The Winter Blues: Part 1

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Quote the Raven: Yasma Ali-Hassan
Carleton Health Promotion Team

Yasma Ali-Hassan

For many of us, when winter comes around every year, we may see a subtle or evident shift in our mood. As such, these yearly mood changes may be associated with a phenomenon known as winter blues, which occurs when we are exposed to the cold and darkness of winter, especially in countries far from the equator such as Canada. The signs of winter blues include adverse feelings and symptoms such as general sadness, lack of energy, difficulty sleeping, feeling less social than usual and difficulty taking initiative. The mechanisms behind the symptoms associated with winter blues are attributed to our lack of sun exposure in the wintertime. This occurs because sun exposure provides us with a source of Vitamin D3 which is involved in the production of a feel-good-hormone, known as serotonin. What happens in the wintertime is that we are not spending nearly as much time in the sun, therefore our exposure to Vitamin D3 is reduced substantially which indirectly results in reduced amounts of serotonin. This is a completely natural process which happens to everyone, however, our abilities to cope with these symptoms and feelings varies from person to person.

One important distinction to make when discussing the winter blues is that it is not the same as seasonal affective disorder (SAD), which is also known as seasonal depression. SAD is a form of diagnosable depression that is also related to the changes in seasons but is often more intense than the winter blues and can be debilitating to everyday life. The symptoms of SAD can include overeating, increased sleep, down or depressed mood most days, loss of interest in activities, isolating yourself, loss of focus, fatigued and lethargic, hopelessness, and suicidal thoughts. It is important to note that even though SAD is often more severe than the winter blues, both concerns should be taken seriously and can benefit greatly from coping and self-care techniques. If you are feeling general sadness and are unsure why, you can always reach out to a health professional who can help you through this time, regardless of its severity.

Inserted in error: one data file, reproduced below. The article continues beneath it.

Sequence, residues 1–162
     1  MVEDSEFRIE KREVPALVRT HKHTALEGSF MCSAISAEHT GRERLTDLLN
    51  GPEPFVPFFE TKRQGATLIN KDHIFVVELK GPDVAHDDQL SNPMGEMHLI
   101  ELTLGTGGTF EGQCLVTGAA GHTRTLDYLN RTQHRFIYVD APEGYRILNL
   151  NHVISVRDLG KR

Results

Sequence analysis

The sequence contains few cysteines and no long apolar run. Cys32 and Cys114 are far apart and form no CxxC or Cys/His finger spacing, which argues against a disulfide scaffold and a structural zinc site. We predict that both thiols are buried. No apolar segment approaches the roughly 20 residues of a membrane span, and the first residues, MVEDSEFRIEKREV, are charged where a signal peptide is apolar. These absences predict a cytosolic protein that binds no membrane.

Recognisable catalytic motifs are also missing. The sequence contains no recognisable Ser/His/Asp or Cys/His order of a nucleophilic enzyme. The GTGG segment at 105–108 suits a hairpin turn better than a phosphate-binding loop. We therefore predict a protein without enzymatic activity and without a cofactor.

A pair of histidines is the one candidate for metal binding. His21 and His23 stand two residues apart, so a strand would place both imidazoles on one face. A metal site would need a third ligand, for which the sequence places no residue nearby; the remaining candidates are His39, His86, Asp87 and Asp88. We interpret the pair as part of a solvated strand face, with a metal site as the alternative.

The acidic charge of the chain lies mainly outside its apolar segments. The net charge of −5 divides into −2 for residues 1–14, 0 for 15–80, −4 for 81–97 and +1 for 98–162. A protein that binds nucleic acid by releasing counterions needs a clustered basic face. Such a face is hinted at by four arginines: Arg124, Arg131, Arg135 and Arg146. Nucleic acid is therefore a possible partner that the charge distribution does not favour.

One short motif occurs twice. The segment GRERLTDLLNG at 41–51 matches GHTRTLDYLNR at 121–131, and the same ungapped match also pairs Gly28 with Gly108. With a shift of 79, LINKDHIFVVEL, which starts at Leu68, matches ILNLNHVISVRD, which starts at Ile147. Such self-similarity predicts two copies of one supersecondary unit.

Given the nature of the COVID-19 pandemic, the winter blues might be more intense this year than before. This may occur because many of us will be spending even less time outside this winter than we usually do because of restrictions caused by the pandemic. This means that many of us are exposed to even less sunlight, leading to lower Vitamin D3 levels in our body. In addition, these have been quite difficult times and many of us may be more likely facing mental health challenges for reasons attributed to the uncertainties and stressors which have occurred throughout pandemic.

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